Employment to one member each of the families which had lost their breadwinners would be given in railways, officials said.

CIA seeks exemption on cruelty

The White House wants the CIA to be exempted from a proposed ban on the abusive treatment of terrorism suspects being held in United States custody.

The Senate defied a threatened presidential veto three weeks ago and passed legislation that would outlaw the ‘cruel, inhuman or degrading treatment or punishment’ of anyone held by the US.

But the Washington Post and the New York Times, both quoting anonymous officials, said Vie-president Dick Cheney, proposed a change so that the law would not apply to counter-terrorism operations abroad or to operations conducted by ‘an element’ of the US government other than the defence department.

Although most detainees in US custody in the war on terrorism are held by the US military, former intelligence officers say the CIA is holding several dozen detainees of particular intelligence interest at locations overseas, including senior al-Qaida figures, the Post said.

Human rights groups said creating parallel sets of rules for military personnel and intelligence agents was impractical in the war on terror, where soldiers and spies often work together and share techniques.

‘You can’t tell soldiers that inhumane treatment is always morally wrong if they see with their own eyes that CIA personnel are allowed to engage in it,’ Tom Malinowski of Human Rights Watch told the New York Times.

Northern Ireland group stands down

A pro-British paramilitary group in Northern Ireland said Sunday it had ordered its armed units to stand down after rival guerrillas opposed to British rule scrapped their weapons earlier this year.

In a statement, the outlawed Loyalist Volunteer Force (LVF) said the move was in response to the Irish Republican Army’s (IRA) decision to give up the weapons that had sustained its campaign against British rule in the divided province.

The IRA’s decision to disarm removed one of the biggest hurdles to a political settlement in the province, where 3,600 people died in 30 years of violence.

Last month an independent arms watchdog said the IRA had scrapped its entire arsenal of illegal weapons.

‘This decision is taken as a direct response to recent IRA actions and statements. While we remain skeptical about their intent ... we believe there is sufficient evidence to allow for the exploration of a peaceful process within Northern Ireland.’

Pressure has mounted on pro-British Protestant loyalists - so-called because of their fierce allegiance to the British crown - to lay down their arms since the IRA said it was ending its campaign.

Ceasefires in the 1990s and a 1998 peace accord largely ended sectarian violence but pro-British and pro-Irish militants had been reluctant to give up arms they said are needed as much to protect their communities as to fight.(Reuters)

US rebuffs call for Iran’s expulsion

The United States declined last week to support Israel’s call for expelling Iran from the United Nations for advocating Israel’s destruction.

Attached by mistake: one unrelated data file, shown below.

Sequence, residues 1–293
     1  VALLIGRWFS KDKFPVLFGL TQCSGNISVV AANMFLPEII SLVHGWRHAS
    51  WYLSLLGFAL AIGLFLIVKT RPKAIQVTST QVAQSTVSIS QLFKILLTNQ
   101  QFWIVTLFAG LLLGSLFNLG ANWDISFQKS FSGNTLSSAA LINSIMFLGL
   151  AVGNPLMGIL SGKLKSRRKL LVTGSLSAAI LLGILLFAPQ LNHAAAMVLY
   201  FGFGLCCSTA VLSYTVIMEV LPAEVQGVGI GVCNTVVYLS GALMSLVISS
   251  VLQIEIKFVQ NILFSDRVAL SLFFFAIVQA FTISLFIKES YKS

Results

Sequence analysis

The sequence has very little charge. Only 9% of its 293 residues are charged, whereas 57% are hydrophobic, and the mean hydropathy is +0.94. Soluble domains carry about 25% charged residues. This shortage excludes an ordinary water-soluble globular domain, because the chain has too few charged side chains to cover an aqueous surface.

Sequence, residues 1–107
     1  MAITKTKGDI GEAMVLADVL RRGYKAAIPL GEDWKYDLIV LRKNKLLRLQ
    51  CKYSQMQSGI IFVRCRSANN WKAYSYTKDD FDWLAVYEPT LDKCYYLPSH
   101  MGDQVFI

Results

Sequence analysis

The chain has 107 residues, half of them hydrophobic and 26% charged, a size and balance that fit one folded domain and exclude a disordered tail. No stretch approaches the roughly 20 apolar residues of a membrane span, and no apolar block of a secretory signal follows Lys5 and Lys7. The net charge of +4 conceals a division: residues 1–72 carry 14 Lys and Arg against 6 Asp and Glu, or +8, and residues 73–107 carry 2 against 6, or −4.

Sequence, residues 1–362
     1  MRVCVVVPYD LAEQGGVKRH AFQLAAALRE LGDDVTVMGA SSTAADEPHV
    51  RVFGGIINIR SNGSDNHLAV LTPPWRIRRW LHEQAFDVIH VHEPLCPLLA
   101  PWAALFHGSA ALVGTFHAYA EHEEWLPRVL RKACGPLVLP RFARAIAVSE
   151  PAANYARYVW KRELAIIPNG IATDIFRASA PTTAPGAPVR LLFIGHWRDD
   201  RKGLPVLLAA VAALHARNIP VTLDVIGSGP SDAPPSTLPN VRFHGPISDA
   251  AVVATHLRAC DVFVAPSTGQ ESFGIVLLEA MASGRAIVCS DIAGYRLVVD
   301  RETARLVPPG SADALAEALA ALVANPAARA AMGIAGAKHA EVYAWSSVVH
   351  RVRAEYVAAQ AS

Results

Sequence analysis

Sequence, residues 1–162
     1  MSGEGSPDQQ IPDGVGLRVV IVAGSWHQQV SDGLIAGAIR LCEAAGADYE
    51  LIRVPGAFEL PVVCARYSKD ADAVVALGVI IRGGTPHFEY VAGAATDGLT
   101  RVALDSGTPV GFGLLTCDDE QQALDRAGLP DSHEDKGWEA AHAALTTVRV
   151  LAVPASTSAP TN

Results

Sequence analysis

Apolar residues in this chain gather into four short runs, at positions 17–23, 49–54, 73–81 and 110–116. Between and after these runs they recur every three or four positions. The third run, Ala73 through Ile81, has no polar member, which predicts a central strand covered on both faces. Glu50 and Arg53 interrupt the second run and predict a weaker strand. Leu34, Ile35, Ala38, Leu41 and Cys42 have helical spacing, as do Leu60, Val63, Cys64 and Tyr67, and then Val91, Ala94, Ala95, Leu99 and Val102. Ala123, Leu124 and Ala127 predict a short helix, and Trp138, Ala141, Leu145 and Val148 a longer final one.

‘Iran is a member of the United Nations,’ State Department spokesman Sean McCormack said. ‘What I think we would encourage instead is Iran to start behaving in a responsible manner as a member of the international community.’

McCormack said Iran should stop seeking development of nuclear weapons under the cover of a civilian program, end support of terrorism, and stop oppressing its own people.

‘Our concern is with Iran’s having the know-how, the technology and the capability to enrich or reprocess on its territory,’ he said.

While other nations express shock and disapproval of the Iranian president’s call for Israel to be ‘wiped off the map,’ Israel’s call for expulsion from the United Nations did not draw support.

In a speech Wednesday, Iranian President Mahmoud Ahmadinejad denounced Israel and said a new wave of Palestinian attacks ‘will wipe this stigma from the face of the Islamic world.’

Citing the words of the founder of Iran’s Islamic revolution, the late Ayatollah Ruhollah Khomeini, Ahmadinejad said: ‘Israel must be wiped off the map.’(AP)

Gorbachev: No security amid poverty

Curbing poverty and building stronger international alliances are key to maintaining security and spreading democracy, former Soviet President Mikhail Gorbachev said last Wednesday.

‘It is hard to imagine a calm, safe and secure world’ where so many people live in poverty, Gorbachev said through an interpreter at the University of the Pacific McGeorge School of Law in Sacremento, California.

‘If people’s lives are not becoming better, people begin to change their minds and say democracy is worthless,’ he said during a question-and-answer session before an audience of about 400.

Gorbachev has been touring the United States since last week, celebrating the 20th anniversary of ‘perestroika’ — the government reforms he led in the former Soviet Union.

The reforms were accompanied by the fall of communism, the spread of democracy in Eastern Europe and the end of the Cold War between the United States and the Soviet Union.

Gorbachev also criticized the lack of cooperation from governments, particularly the United States, in facing environmental issues. The failure of the U.S. to adopt collaborative agreements, such as the Kyoto protocol to reduce greenhouse gases, shows ‘there is a gap between words and deeds,’ he said.